Ford Motor Company is being sued – again. This time the suit involves an alleged patent infringement for a turn signal control used on several Ford and Lincoln vehicles. Ford isn’t alone – TRW, a longtime supplier to the automotive industry based in Livonia, MI, is listed as a co-defendant and “indirect” patent infringer in complaint documents filed in court on February 26th.
According to a complaint filed by Mr. Richard Ponziani in the District Court of the United States for the District of Delaware, Mr. Ponziani is “the sole inventor and assignee of U.S. Patent No. 7,408,455, entitled “Electronic Intelligent Turn Signal Control System,” which issued on August 5, 2008 (the “‘455 Patent”).” Mr. Ponziani alleges in his suit that Ford has knowingly infringed on his patented invention.
According to court documents posted by Automotive News, the Electronic Intelligent Turn Signal Control is designed to automatically activate the right or left turn signal when the driver changes lanes. The system turns the signal off when the driver completes the lane change maneuver using proprietary software and a computer which uses sensors to detect vehicle speed, steering wheel angle and changes to vehicle yaw.*
Court documents say the affected models include the 2010-2014Ford Super Duty Truck, 2010-2014 Ford F Series Truck, 2010-2014 Ford F Series Chassis, 2012-2014 Ford Flex, 2012-2014 Lincoln MKT, 2010-2014 Ford Edge, 2010-2014 Lincoln MKX, 2011-2014 Ford Explorer, 2012-2014 Ford Taurus, 2012-2014 Lincoln MKS, 2012-2014 Ford Fusion, 2012-2014 Lincoln MKZ.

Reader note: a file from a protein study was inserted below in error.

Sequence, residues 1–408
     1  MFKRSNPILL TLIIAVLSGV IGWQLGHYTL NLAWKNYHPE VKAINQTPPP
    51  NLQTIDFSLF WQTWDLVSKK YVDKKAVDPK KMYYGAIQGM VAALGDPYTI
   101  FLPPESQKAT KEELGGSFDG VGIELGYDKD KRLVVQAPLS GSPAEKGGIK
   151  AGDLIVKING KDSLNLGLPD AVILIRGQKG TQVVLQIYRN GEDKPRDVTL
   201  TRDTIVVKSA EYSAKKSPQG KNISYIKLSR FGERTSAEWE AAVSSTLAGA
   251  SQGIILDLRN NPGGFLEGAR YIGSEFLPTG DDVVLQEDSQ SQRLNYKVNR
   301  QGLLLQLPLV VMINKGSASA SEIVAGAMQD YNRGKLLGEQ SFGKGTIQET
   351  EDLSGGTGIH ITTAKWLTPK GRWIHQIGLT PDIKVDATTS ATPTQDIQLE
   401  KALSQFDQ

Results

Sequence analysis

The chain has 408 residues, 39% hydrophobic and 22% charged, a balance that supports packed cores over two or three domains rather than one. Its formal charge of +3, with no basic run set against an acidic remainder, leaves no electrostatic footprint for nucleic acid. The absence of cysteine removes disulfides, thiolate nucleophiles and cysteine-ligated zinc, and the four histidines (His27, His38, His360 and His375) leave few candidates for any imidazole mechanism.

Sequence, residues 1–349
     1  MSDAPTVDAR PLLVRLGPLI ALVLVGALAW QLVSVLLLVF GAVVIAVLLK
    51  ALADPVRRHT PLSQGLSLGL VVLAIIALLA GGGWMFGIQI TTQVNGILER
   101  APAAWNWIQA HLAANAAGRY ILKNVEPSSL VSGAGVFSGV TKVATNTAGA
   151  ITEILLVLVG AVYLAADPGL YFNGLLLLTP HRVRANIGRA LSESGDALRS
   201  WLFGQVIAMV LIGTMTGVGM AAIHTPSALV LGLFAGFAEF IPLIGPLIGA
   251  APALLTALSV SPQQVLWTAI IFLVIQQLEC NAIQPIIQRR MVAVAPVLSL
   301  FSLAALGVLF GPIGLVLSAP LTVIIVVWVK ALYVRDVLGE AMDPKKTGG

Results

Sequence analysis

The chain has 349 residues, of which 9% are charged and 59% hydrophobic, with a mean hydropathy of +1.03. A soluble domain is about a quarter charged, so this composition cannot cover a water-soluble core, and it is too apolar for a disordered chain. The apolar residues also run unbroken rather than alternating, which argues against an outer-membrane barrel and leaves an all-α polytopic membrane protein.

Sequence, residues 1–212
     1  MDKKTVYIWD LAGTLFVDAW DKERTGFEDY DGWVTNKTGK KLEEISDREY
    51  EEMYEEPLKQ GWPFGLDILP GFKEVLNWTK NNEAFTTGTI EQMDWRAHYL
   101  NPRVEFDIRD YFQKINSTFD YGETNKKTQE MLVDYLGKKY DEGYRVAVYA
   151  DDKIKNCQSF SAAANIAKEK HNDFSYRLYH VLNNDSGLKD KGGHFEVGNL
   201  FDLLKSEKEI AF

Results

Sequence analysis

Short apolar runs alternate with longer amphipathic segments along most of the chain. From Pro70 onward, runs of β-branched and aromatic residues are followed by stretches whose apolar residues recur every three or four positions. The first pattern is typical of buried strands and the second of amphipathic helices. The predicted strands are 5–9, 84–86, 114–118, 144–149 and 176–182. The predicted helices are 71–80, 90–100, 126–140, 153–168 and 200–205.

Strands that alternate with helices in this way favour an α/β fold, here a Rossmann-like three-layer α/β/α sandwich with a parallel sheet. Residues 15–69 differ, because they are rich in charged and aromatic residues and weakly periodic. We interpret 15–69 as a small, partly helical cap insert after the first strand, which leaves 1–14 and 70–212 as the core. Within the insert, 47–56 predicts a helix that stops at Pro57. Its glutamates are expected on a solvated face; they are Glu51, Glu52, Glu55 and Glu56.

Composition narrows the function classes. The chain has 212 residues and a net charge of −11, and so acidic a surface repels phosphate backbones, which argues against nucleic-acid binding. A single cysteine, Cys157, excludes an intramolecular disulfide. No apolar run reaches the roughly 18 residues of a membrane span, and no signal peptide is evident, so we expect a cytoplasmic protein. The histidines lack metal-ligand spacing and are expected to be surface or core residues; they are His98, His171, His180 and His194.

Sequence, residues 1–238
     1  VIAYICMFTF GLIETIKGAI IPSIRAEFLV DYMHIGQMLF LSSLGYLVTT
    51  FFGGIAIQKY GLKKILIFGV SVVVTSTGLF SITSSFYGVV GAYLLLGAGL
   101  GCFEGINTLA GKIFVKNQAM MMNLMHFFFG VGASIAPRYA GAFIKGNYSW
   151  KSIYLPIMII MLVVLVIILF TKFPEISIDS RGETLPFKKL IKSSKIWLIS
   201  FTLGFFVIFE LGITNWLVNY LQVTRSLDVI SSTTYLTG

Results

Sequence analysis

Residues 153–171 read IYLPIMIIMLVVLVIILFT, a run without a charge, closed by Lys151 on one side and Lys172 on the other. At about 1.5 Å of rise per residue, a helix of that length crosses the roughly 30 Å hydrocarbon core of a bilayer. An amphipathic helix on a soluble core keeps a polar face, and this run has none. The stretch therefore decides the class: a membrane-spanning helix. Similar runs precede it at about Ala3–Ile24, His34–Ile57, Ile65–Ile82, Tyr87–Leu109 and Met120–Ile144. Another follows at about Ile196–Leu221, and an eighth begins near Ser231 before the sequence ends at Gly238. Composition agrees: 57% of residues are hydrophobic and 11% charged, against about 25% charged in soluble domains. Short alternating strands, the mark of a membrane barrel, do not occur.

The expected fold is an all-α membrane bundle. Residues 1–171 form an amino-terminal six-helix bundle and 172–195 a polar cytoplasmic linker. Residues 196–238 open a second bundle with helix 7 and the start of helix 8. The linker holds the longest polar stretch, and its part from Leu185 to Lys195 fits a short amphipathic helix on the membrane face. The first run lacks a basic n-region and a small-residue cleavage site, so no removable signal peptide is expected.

Patent infringement suits are nothing new and auto companies make inviting "deep pocket" targets. One infringement suit filed against Ford was made into a movie. The 2008 motion picture “Flash of Genius” was about a patent infringement case brought against Ford by Robert Kearns, who claimed he invented the electronic control for interval windshield wipers. In the movie, Kearns was played by actor Greg Kinnear. Not counting legal fees, that suit cost Ford $10 million and Chrysler Corporation $18 million.
According to court documents, Mr. Ponziani is demanding a trial by jury. Stay tuned.
*People who are not Automotive News subscribers may not be able to view these documents. The Automotive News article incorrectly states the Intelligent Turn Signal Control System blinks the turn signals three times when the driver touches the control.